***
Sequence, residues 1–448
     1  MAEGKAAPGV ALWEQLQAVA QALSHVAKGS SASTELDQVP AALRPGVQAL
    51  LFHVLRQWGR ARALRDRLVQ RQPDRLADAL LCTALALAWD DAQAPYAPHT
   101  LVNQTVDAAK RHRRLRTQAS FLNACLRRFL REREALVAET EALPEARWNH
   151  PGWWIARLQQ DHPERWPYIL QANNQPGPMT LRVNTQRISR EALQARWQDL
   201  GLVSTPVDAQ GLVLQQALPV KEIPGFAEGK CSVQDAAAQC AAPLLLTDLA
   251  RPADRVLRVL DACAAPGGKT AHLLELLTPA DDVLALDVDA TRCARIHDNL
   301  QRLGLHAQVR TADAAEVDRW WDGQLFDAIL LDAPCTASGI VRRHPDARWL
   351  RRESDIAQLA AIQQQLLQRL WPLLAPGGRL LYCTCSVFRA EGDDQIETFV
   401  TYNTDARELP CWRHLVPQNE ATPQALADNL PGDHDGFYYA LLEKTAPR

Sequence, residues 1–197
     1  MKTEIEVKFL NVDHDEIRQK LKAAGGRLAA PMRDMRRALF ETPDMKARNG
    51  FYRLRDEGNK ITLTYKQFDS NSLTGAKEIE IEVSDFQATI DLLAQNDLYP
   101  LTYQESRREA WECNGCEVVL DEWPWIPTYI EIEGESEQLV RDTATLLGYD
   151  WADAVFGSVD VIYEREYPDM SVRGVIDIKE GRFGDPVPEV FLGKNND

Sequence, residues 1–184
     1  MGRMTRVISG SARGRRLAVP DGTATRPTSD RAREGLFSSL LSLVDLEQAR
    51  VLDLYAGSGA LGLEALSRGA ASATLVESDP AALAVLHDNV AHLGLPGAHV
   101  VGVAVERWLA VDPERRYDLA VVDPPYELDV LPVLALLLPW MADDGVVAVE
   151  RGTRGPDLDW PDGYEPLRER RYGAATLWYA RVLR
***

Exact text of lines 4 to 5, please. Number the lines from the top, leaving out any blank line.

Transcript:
   101  LVNQTVDAAK RHRRLRTQAS FLNACLRRFL REREALVAET EALPEARWNH
   151  PGWWIARLQQ DHPERWPYIL QANNQPGPMT LRVNTQRISR EALQARWQDL